The Malaise sample yielded 16,629,020 reads of good quality (Q30 ≤ 92.59% of reads). Raw sequence data is available on NCBI SRA via accession number SRX5175597. The PCR negative control was not included in sequencing, but showed no visible band on a agarose gel. Sequencing depth was positively correlated with amplicon length (linear regression, p = 0.0004, Fig. S9), but there was a reduced length bias in comparison to the mock community sequencing run (Fig. S9).

Bar plot showing the number of BINs recovered using metabarcoding with 21 primer pairs.

Figure 4: Bar plot showing the number of BINs recovered using metabarcoding with 21 primer pairs.

The dark grey bar indicates subsampling at 10,000 reads while the light grey bar indicates subsampling at 100,000 reads per sample, each run with 1,000 replicates. Error bars show the standard deviation. Primer combinations affected by primer slippage (Elbrecht, Hebert & Steinke, 2018a) are marked with “PS”. (A) Mock sample data, with primer combinations highlighted in green that detected more than 350 of the 374 BINs, while those that recovered fewer than 310 BINS are highlighted in red. (B) Malaise trap data - primer combinations highlighted in green detected more than 750 BINs while those highlighted in red detected less than 600 BINs.

Primer performance and BIN/species recovery with metabarcoding

Recovery of the mock community was high for most primer sets with an average of 91% of the 374 species recovered (SD = 0.64%, subsampling to 100,000 reads, Fig. 4A). With decreasing sequencing depth, recovery diminished, as shown by rarefaction curves (Fig. S11). The primer sets ZBJ-ArtF1c + ZBJ-ArtR2c, LepF1 + MLepF1-Rev and LCO1490 + Ill_C_R showed poor species recovery in comparison with the other primers. Interestingly, rarefaction analysis showed no strict relationship between recovery and primer degeneracy. For example, LCO1490 + HCO2198 had no degenerate sites but had good recovery (90% of taxa). However, primers that lacked degeneracy often had low amplification success and detected fewer species than primer sets with degeneracy (Fig. S12). The primer combinations fwhF2 + fwhR2n, BF1/BF2/BF3 + BR2, ArF5 + Fol-degen-rev and those based on mlCOIintF and its derivatives showed the best performance with similar recovery rates (recovery ≥ 95% of the community, Fig. 4, Fig. S12). Taxa recovery was consistent across orders, except for Hymenoptera which were often recovered with lower read counts (Fig. S1A). A Principal Component Analysis (PCA) of relative taxon recovery shows that primer combinations with similar taxon recovery tended to cluster together (Fig. S13), although only 29.36% of variability can be explained by both components. Jaccard similarity and Bray-Curtis based dendograms (Fig. S14) illustrate that recovery is generally similar among primers, but that combinations with poor species recovery tend to cluster together.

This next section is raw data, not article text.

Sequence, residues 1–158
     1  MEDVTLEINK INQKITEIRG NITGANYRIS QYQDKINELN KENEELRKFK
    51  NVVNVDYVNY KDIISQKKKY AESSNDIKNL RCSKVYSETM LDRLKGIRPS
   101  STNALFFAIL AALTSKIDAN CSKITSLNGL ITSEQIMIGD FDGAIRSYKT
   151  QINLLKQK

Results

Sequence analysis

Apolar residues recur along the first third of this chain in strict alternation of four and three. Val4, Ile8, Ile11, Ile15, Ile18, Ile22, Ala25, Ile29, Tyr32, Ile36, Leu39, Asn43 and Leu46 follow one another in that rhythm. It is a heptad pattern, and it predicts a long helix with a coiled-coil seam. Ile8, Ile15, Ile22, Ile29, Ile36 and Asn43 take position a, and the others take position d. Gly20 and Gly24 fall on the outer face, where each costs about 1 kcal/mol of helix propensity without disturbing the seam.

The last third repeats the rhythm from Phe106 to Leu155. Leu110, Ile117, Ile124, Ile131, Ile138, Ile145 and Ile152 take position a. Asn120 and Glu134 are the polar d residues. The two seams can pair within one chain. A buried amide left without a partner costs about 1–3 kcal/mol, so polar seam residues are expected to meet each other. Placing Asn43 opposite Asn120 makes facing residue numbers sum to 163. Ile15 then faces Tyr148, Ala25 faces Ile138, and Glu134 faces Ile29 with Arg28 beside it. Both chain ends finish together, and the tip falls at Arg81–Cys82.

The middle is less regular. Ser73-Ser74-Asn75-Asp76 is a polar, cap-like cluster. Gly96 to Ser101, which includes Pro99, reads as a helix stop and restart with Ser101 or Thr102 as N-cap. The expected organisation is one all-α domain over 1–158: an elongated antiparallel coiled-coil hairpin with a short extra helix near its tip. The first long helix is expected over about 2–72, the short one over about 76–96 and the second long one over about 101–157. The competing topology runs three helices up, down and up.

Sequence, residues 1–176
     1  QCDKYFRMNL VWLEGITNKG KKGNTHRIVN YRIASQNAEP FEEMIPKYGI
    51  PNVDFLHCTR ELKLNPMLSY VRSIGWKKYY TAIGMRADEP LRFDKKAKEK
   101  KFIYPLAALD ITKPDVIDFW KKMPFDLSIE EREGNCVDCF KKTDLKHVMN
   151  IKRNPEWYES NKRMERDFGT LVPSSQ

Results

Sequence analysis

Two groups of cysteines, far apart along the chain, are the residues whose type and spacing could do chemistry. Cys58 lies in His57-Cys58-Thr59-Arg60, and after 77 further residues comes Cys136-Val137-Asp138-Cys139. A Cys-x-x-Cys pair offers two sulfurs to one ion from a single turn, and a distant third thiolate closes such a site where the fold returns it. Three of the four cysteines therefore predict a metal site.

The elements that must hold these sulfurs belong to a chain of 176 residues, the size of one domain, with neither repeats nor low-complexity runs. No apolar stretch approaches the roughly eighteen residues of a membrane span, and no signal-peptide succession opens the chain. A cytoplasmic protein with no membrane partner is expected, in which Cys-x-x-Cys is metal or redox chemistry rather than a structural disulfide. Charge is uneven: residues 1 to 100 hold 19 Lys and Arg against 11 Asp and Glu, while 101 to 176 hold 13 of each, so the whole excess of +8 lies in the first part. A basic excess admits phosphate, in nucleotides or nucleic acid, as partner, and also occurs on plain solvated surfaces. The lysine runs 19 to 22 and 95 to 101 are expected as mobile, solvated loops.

Sequencing of the Malaise sample confirmed the strong performance of some primer sets, but others showed lower species recovery (Fig. 4B). As the species composition of the Malaise sample was unknown, BIN counts at different sequencing depths were used to estimate taxon recovery for all sets of primers. Heat maps for both the Malaise sample (Fig. S18) and the mock community (Fig. S12) were generally congruent but short amplicons from the Malaise sample detected more taxa present in very low abundance. This trend was also reflected in the number of taxa detected with each primer set (Fig. 4B) because longer amplicons such as Ill_B_F + HCO2198, AcientLepF3 + C_LepFolR or LCO1490 + HCO2198 exhibited lower taxon recovery than shorter fragments. Most primers that performed well for the mock community also did so for the Malaise sample (highlighted in green in Fig. 4B), except the ArF5 + Fol-degen-rev primer set. These patterns were consistent with varying sequencing depths with no asymptote reached in the rarefaction analysis (Fig. S19). Additionally, the rarefaction analysis shows a greater range in the number of taxa detected with different primer sets than for the mock community (Fig. S11). Detection across orders was very consistent for primer sets that show good taxa recovery, while especially Hymenoptera and Hemiptera were underrepresented with primer sets recovering fewer taxa (Fig. S1B).